Value chains for nutrition
Changes in diets, physical activity patterns, and food markets are leading to the paradoxical coexistence of over- and undernutrition in low- and middle-income countries.
As lack of diet diversity is likely to lead to micronutrient deficiencies, this trend contributes to increased child and maternal mortality, as well as the underdevelopment of young children.
However, the problem of malnutrition cannot be solved by economic growth alone, as growing incomes may lead to other health problems such as obesity.
One way to sustainably improve the quality of diets and nutrition-related behaviors is by promoting policy-, market- and food-based approaches to increase access to high-quality diets.
Considering the key role that value chains play in determining food availability, affordability, quality, and acceptability, they provide opportunities to promote better nutrition. Increasing access to affordable high-quality diets through value chains for nutrition is an eligible approach for dealing with the results of the “nutrition transition” taking place in low- and middle-income countries.
The value chain for nutrition approach
The value chain for nutrition approach can be defined as the process of developing a strategy that addresses a set of nutrition problems through interventions within specific value chains. The general aim of the value chains for nutrition approach is to identify opportunities where chain actors benefit from the marketing of agricultural products with higher nutritional value, in particular focusing on those value chains that are most relevant to the poor.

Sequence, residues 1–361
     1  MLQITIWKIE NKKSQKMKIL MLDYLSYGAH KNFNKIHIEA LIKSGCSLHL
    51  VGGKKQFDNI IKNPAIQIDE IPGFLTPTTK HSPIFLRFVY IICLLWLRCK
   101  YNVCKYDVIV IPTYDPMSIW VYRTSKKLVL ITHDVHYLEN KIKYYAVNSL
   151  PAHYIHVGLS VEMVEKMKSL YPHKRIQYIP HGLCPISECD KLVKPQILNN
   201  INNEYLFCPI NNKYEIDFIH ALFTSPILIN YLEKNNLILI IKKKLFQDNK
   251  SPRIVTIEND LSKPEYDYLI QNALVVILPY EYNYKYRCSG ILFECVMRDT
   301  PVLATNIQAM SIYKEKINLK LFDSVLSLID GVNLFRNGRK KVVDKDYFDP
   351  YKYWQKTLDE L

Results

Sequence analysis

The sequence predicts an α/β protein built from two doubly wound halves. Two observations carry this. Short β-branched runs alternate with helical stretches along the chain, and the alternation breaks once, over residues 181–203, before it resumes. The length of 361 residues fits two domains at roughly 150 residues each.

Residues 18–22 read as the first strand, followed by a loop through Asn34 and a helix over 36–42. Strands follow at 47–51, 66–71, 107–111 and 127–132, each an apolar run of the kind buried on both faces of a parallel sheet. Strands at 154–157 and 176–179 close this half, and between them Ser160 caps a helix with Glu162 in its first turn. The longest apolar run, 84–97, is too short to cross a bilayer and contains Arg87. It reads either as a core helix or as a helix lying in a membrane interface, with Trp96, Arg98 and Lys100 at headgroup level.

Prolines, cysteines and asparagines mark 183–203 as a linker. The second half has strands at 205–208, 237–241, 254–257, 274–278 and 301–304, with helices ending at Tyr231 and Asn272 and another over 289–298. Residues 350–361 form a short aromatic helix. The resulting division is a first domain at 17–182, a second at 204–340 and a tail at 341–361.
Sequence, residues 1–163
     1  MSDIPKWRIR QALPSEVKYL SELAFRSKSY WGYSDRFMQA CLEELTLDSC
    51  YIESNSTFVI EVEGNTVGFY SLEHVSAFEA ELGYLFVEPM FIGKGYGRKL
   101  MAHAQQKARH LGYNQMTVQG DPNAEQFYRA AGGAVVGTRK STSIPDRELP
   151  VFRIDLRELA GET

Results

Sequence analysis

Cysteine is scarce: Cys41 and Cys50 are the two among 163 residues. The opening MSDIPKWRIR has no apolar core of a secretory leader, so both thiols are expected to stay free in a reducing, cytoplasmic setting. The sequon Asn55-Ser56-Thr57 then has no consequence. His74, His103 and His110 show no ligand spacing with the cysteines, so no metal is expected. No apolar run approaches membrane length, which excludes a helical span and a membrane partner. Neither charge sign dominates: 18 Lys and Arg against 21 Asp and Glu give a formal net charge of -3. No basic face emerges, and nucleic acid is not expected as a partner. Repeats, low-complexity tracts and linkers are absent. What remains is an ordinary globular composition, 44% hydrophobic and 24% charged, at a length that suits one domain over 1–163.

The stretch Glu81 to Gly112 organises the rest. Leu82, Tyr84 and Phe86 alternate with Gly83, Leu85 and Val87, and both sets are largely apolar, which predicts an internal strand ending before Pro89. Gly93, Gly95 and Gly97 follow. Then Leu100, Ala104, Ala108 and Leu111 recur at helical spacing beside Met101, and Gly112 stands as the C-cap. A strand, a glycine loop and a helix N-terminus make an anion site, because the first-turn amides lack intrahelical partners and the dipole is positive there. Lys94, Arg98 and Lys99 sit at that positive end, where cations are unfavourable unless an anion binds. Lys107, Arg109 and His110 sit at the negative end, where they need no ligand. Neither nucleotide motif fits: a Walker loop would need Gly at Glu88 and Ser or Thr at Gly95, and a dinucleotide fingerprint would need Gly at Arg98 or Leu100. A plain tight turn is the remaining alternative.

What we do: Deploying value chains for nutrition gains
The overall aim of CIAT’s value chain for nutrition approach is to increase the production and consumption of more diverse, safe and nutrient-dense foods for improved food security, nutrition and income of smallholder farmers, peri-urban, and urban consumers.
How we do it: Pushing all the buttons, at once
CIAT’s work on value chains for nutrition is only made possible through the efforts of a multidisciplinary team, working in partnership with national and international development organizations and partner institutions. Together they deploy a holistic, demand-driven, impact-oriented action research approach, assessing sustainable food availability, food access, food use, food quality, food safety and food utilization. In this approach, particular attention is given to gender equality, inclusive business relationships and the sustainability of agricultural production.
CIAT’s research on value chains for nutrition is supported by the LINK methodology, a value chain research instrument developed by CIAT.
Strengthened the peach palm (a.k.a. chontaduro) value chain in Buenaventura and tropical rainforest agro-ecosystems of Colombia’s pacific coast and boosted the productivity and incomes of 110 producers.
Established, with partners, Kenya’s first solar-powered “bubble” drier, which improves bean quality and commercial value, retaining nutritious qualities before they are turned into a porridge flour, as part of a project to fight malnutrition among vulnerable urban and rural consumers.
Created the National Quinoa Platform, and assisted farmers and policymakers in Colombia develop strategies to capitalize on the income-generating and food security potential of quinoa production in marginalized highland areas.
Provided technical assistant and forage grass hybrids to improve food security of farmers’ enrolled in the Rwanda’s One Cow per Poor Family Initiative and ensure animal survival, and milk and meat production, throughout the dry season.
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